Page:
Large parts of the globe are doing their bit to slow the spread of COVID-19 by putting their day-to-day lives on hold. People are working from home, having self-isolation parties on their (separate) balconies, and limiting their time in public places to reduce the risk of transmission for both themselves and those who could be worst affected by the disease. The need for social distancing has got people thinking where’s the safest place to wait out the pandemic, and there are some pretty extreme suggestions.
BBC Archives this morning did a throwback to a feature from the 1970s in which we see Bob Wellings winched up to meet the Bates family of the Principality of Sealand. Chances are you’ve probably not heard of Sealand, so for clarity, it’s a micronation in the North Sea situated entirely within the Roughs Tower. With two seven-floor columns, no current long-term residents, and situated about 11 kilometers (7 miles) off the coast of Britain, it’s not a bad spot to hide from COVID-19 (provided you have enough toilet paper).
One spot that trumps all other self-isolation cribs, according to Luis Zea, a researcher from BioServe Space Technologies at the University of Colorado Boulder, is the ISS. Zea told Newsweek: "I would say that, regarding coronavirus, the ISS is probably one of the safest places to be at this point. This comes from the fact that the novel coronavirus can only survive for short periods of time on surfaces and an infected person would likely be screened and diagnosed during the quarantine period astronauts go through prior to launch."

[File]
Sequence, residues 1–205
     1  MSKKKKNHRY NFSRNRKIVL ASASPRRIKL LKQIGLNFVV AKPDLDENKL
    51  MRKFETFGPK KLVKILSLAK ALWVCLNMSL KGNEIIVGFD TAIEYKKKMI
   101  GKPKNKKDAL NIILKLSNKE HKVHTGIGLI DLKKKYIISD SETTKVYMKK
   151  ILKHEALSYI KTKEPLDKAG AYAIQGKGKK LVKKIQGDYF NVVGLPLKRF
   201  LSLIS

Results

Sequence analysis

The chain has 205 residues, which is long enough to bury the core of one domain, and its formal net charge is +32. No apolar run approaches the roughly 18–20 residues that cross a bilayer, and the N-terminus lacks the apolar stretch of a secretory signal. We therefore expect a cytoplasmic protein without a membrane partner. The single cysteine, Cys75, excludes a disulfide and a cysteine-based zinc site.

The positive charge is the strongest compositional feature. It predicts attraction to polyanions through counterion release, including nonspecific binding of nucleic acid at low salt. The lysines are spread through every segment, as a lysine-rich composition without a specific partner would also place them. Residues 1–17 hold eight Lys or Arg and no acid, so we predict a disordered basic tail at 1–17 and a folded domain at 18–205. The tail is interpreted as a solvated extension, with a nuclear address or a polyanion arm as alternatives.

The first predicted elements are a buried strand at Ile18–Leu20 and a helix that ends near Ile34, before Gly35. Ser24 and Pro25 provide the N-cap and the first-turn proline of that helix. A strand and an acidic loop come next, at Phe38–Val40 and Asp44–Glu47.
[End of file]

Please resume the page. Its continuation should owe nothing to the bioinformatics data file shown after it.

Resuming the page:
Aside from being separated from Earth by approximately 408 kilometers (254 miles), the ISS is protected thanks to a health stabilization program that was brought in after the common cold found its way onboard in the late-60s.
In 1968, the Apollo 7 mission launched from the United States with three crew members on board. Upon returning to Earth, team member Walter Schirra got into a disagreement with mission control because he'd contracted rhinovirus, known as the common cold. A head cold is particularly uncomfortable in space, as low gravity conditions mean mucus doesn't drain from the eustachian tubes as it might on Earth. Schirra and the team wanted to land without helmets on so they could hold their noses and blow in an effort to prevent their congested eardrums from perforating on re-entry, a decision mission control was definitely not on board with. In the end, they kept the helmets on as there were safety fears regarding their necks, and with the aid of a decongestant their eardrums survived.
To prevent future breakdowns in communication due to the mood-sapping effects of pathogens such as the rhinovirus, and, of course, to keep their astronauts comfortable, NASA implemented a “health stabilization” protocol to prevent pathogens from boarding the ISS. Astronauts set to board the station must undergo an extensive physical examination 10 days before their launch, giving blood samples and swabs to search for any existing medical conditions.
If found to be clear, the astronauts enter a two-week isolation period to see if any illnesses are still incubating in their system. For COVID-19, you can transmit the disease but not show symptoms for five days, making this quarantine period crucial for weeding out any hiding illnesses. The same scrutiny is received by packages destined for the orbiting lab, which are thoroughly cleaned and sterilized before being approved for delivery.
The ISS is so safe, in fact, that the launch of the next crew, consisting of NASA astronaut Chris Cassidy and Russian cosmonauts Anatoli Ivanishin and Ivan Vagner, scheduled to launch on April 9, is one of the few events that hasn’t been called off by the pandemic.
So, there you have it. Worried your six-person house share and two bottles of antibacterial gel aren’t cutting the mustard when it comes to self-isolation? Just pop up to the ISS.
Thoroughly depressed by all the COVID-19 chat? Here are 15 good news stories that have nothing to do with coronavirus to remind you not everything is terrible.